Have a good weekend.
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Old Sep 22, 2007, 2:00 PM   #24
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i've had my 40D for about 2 weeks now, and i like it a lot. there are some subtle differences in controls, feel, etc., but the main difference i in the images is that the 40D produces a much smoother, richer photo, with better color depth and smoother tonal gradation. probably because the Digic III chip "sees" 4x as many colors per channel as the 30D. in any case, the results i've gotten so far - admittedly not much, because the weather's been crap most of the time since i got it - do appear cleaner and sharper, and with better color, than the 30D produces.

here are some sample shots from the 40D... hard to see much difference in these sizes, but in the full-size shots, it's easier to tell...








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Old Sep 22, 2007, 10:26 PM   #25
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I just got my 40-D a week ago. WoW!!! Its a very nice upgrade over the 20-D.

The most enjoyable thing about it is the much more silent shutter.

Colors are smooth and even and it just feels right. I have also noticed that my micro shot keeper rate has risen. The 150mm Sigma macro does not hunt as much as with the 20-D.

I love it. 5 stars to you Canon!!!!!
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Old Sep 28, 2007, 3:43 PM   #26
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Hello guys,

I know, for the most part, 90% of 40D owners are happy. Virtually no complaints about the AF (one shot or AI Servo). Yet there was a test done by one user, by the name of "drew" (http://www.prophotohome.com/forum/pr...w.html?garpg=2), where the initial photos of the series were not in focus. But later became in-focus....etc.

In other forums, 40D users claiimed it was "user error". Was it? I'm not so sure now as Rob Galbraith's site just posted an article about the 1DM3's AF problems. One of which was what drew found in his test. Here is the article about the 1DM3's 4 AF issues. Still occuring according to the article...

http://www.robgalbraith.com/bins/mul...id=7-8740-9068

Have all your AF experiences been positive using all the modes? Or have you run into any of the 4 mentioned in the above article talking about 1DM3?

Thanks.
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Old Sep 28, 2007, 10:11 PM   #27
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Just to confuse matters:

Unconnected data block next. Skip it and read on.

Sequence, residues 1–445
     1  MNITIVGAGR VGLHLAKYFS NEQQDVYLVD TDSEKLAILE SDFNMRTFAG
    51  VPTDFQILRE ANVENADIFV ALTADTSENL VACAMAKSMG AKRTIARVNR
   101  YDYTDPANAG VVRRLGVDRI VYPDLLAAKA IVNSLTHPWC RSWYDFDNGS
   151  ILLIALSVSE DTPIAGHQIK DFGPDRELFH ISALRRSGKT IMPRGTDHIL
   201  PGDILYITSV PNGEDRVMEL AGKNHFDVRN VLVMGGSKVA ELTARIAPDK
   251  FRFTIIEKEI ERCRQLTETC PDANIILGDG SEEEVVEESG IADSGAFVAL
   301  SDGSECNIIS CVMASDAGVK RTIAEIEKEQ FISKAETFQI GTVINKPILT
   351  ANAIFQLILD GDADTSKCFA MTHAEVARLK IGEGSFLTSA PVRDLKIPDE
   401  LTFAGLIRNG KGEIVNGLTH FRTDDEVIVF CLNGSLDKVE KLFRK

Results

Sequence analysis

my 1dmkIII focuses just fine - even when using 300mm 2.8 lenses in bright sunlight.

Go figure
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Old Sep 28, 2007, 10:22 PM   #28
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i got my 40d a bout a week ago, i upgraded from an xt that i had been shooting with for 2 years.... i like the functions of the cam, altho the settings are taking a bit to get used too....



heres a shot of a deer from last weekend
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Old Sep 28, 2007, 11:14 PM   #29
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JohnG wrote:
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Just to confuse matters:

my 1dmkIII focuses just fine - even when using 300mm 2.8 lenses in bright sunlight.

Go figure
You must have got the Special Edition 1DM3!
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Old Jan 3, 2008, 3:30 PM   #30
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Chris:

I do a lot of hockey myself (my son plays PeeWee travel hockey in Michigan).I've always experimented with different settings, etc. I just got my 40D to replace my 30D and I can tell you that I've had a lot of frustrations with the AI focusing. It tends to hunt a lot and not lock on to any subject. My 30D, and 20D for that matter, were much better. I have sent it in to Canon for evaluation. Hopefully they can get it solved.

Do you mind sharing the settings you're using with your 40D in the rinks. I realize each rink is different in terms of lighting, but something to get started. I'm using a Sigma 120-300 f/2.8 lens.

Thanks!

Doug